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Amazing time-lapse videos of Endeavour's mission through Los Angeles

UGC Shuttle Endeavour

Photo by Twitter user Zander Lane

Mike Sheehan sketched Shuttle Endeavour last weekend as it traveled from LAX to the California Science Center

Mike Sheehan

When everyone else was taking photos or video, Mike Sheehan sketched Shuttle Endeavour last weekend as it traveled from LAX to the California Science Center.


Pool photo by Wally Skalij/Los Angeles Times

Dave Velazquez and Jennifer Barrera take a picture as the shuttle Endeavour as it moves along Crenshaw Boulevard in Los Angeles on Saturday.


Pool photo by Wally Skalij/Los Angeles Times

Traymond Harris, left, and Ryan Hudge play basketball as the shuttle Endeavour passes by on Crenshaw Avenue in Inglewood on Saturday.

It seems like only days ago that Endeavour captured the city's imagination in its historic trek through Los Angeles. But the amazing stuff is still coming out: Lately, several amazing time-lapse videos have appeared that encapsulate the epic journey into a few minutes, and we've compiled a few of the best here.

Days after the space shuttle Endeavour made its final journey from LAX to the California Science Center, the interest in the orbiter's has not died down.

Bryan Chan of the L.A. Times was the first to post a first class time-lapse of the beloved spaceship creeping east to its final resting point. Even though the video isn't embeddable, it has received more than 73,000 Facebook likes since it was published Monday.

On Wednesday, a team lead by Matthew Givot posted this time-lapse, which may even be better than Chan's solo effort. Not only is the video very well done, but three times as many people watched it as of Thursday than Wednesday:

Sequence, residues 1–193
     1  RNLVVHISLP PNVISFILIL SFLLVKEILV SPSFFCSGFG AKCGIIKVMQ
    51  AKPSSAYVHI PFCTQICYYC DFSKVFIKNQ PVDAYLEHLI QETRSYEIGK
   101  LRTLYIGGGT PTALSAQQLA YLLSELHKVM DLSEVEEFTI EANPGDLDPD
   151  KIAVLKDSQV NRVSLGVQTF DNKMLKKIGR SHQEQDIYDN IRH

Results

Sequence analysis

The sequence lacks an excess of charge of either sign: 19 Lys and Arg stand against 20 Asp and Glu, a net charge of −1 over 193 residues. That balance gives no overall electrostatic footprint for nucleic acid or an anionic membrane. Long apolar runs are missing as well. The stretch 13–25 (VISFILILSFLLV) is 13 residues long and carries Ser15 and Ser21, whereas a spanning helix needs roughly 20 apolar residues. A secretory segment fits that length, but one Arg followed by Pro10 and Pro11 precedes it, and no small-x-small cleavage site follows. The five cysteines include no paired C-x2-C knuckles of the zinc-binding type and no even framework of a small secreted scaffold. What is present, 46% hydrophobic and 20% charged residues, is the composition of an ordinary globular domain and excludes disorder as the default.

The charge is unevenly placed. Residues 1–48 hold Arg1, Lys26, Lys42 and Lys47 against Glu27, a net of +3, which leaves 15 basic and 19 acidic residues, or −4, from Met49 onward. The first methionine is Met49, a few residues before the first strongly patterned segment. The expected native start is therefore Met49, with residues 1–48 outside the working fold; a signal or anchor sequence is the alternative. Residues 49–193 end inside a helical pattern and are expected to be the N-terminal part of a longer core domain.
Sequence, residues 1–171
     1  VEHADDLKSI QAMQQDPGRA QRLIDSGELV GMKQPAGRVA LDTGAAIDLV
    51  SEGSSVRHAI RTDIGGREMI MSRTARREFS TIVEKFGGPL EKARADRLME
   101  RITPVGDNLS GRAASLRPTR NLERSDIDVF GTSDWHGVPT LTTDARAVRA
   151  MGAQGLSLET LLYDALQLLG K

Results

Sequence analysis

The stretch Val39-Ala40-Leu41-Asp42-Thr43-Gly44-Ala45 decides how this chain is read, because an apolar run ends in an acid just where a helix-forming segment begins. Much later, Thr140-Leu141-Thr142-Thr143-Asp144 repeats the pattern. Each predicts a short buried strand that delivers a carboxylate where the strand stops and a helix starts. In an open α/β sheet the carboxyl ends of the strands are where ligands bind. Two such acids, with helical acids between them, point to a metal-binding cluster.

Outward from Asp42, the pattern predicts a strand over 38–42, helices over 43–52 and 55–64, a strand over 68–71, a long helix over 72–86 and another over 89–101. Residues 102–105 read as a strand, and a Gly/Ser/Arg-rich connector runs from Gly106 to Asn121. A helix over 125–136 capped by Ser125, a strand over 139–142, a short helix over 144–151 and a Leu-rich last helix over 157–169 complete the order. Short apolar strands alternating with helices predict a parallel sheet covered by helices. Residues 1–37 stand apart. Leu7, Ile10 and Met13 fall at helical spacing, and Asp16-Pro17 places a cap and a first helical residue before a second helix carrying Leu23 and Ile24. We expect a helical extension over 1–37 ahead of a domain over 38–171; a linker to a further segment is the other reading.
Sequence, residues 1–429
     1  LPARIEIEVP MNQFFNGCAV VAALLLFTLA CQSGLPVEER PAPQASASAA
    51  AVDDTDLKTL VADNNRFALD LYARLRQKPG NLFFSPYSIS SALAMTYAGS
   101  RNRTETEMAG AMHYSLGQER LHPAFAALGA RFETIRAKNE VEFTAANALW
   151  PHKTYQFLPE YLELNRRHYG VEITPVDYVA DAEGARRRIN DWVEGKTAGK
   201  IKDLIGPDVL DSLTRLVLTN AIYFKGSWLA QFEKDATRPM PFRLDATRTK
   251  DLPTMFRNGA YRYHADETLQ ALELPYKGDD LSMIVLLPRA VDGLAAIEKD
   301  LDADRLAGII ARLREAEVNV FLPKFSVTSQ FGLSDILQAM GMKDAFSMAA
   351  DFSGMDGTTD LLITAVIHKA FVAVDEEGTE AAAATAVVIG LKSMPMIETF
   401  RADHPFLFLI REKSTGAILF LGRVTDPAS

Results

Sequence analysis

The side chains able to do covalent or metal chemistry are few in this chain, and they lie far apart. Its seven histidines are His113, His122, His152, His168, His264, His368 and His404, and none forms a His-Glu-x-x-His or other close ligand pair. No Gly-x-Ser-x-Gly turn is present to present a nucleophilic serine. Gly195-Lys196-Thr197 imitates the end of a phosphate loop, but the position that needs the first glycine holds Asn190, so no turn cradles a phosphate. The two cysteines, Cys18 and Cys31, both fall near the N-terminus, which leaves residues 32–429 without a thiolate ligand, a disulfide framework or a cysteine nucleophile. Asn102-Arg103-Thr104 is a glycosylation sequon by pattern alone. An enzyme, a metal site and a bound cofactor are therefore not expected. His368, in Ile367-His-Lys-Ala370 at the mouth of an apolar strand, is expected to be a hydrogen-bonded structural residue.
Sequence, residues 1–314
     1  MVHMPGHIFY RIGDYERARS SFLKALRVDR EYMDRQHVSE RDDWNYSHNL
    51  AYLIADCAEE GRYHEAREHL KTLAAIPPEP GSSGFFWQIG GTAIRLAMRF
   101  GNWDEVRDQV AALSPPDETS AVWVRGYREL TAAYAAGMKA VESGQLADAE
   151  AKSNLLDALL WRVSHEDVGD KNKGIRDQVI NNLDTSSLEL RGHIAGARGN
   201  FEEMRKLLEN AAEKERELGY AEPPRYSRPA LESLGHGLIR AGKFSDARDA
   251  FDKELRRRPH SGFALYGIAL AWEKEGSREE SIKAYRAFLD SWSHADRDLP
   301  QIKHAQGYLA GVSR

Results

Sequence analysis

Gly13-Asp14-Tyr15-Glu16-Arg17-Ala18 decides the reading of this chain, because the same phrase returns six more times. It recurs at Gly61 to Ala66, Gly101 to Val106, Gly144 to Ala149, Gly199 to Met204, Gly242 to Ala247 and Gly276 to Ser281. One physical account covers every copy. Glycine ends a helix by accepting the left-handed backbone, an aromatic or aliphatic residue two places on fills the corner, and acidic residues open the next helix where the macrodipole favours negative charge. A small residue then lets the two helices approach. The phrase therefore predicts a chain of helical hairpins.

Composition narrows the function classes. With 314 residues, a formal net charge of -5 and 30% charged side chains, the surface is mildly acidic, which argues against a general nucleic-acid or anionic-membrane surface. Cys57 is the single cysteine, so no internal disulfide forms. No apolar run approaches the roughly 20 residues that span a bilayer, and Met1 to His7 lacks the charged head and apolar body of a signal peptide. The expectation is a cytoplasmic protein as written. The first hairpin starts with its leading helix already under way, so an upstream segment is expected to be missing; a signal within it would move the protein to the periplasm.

Awesome video animation of shuttle Endeavour crashing through Los Angeles

David Evans & Associates

A still from the 3D video rendering of the space shuttle Endeavour going down Martin Luther King Blvd. in South L.A.

For those who cannot imagine something as huge as the space shuttle Endeavour tooling down the streets of Los Angeles, there is now a computer-generated 3D video animation of what the two-day, 12-mile adventure will look like.

Nicknamed "Mission 26" and "The Big Endeavour" by the California Science Center, the shuttle will leave LAX on Thursday night and make its way through Inglewood and South L.A. until it's parked near USC.

In the short video produced by David Evans and Associates, we can see how bizarre "The Mother of Parades" (as L.A.'s Mayor is calling it) will look creeping along the boulevards next to the Forum and other landmarks around South L.A.  (Story continues below video window.)

If you plan on seeing the once-in-a-lifetime event, here's the map of the route:

View Spot the Endeavour in a larger map


Update: How to take photos of Shuttle Endeavour landing in Los Angeles

The Space Shuttle Discovery, aboard a sp

Karen Bleier/AFP/Getty Images

The Space Shuttle Discovery, aboard a specially modified NASA Boeing 747, flies over the Washington, DC, April 17, 2012, as seen from Arlington, Virginia.

Space fans and photo nerds will have a great chance to create a memorable photograph this Friday as the shuttle Endeavour glides into Los Angeles. The retired orbiter made 25 trips into space, and Friday will mark its final day in the air. It is expected to enter L.A. airspace at about 11:30 a.m. and is expected to land at LAX by 12:45p.m., weather permitting. 

Check our Twitter or the KPCC homepage for updates.

Here at KPCC we’d like to see your photos of the Endeavour when it soars over Los Angeles and lands at LAX. Check out our photo recommendations below and send in your images to or use the hashtag #KPCCShuttle on Twitter or Instagram and we’ll find it.

Gear: The Endeavour flight will be a once-in-a-lifetime photo op, so you’ll want to bring out your pro-camera gear to capture the historic moment. The shuttle will be piggybacked onto NASA’s modified 747 and flying at around 1,500 feet when it reaches Los Angeles.  At that height, your iPhone just won’t cut it; you’ll be able to capture a little space shuttle speck, but that’s about it.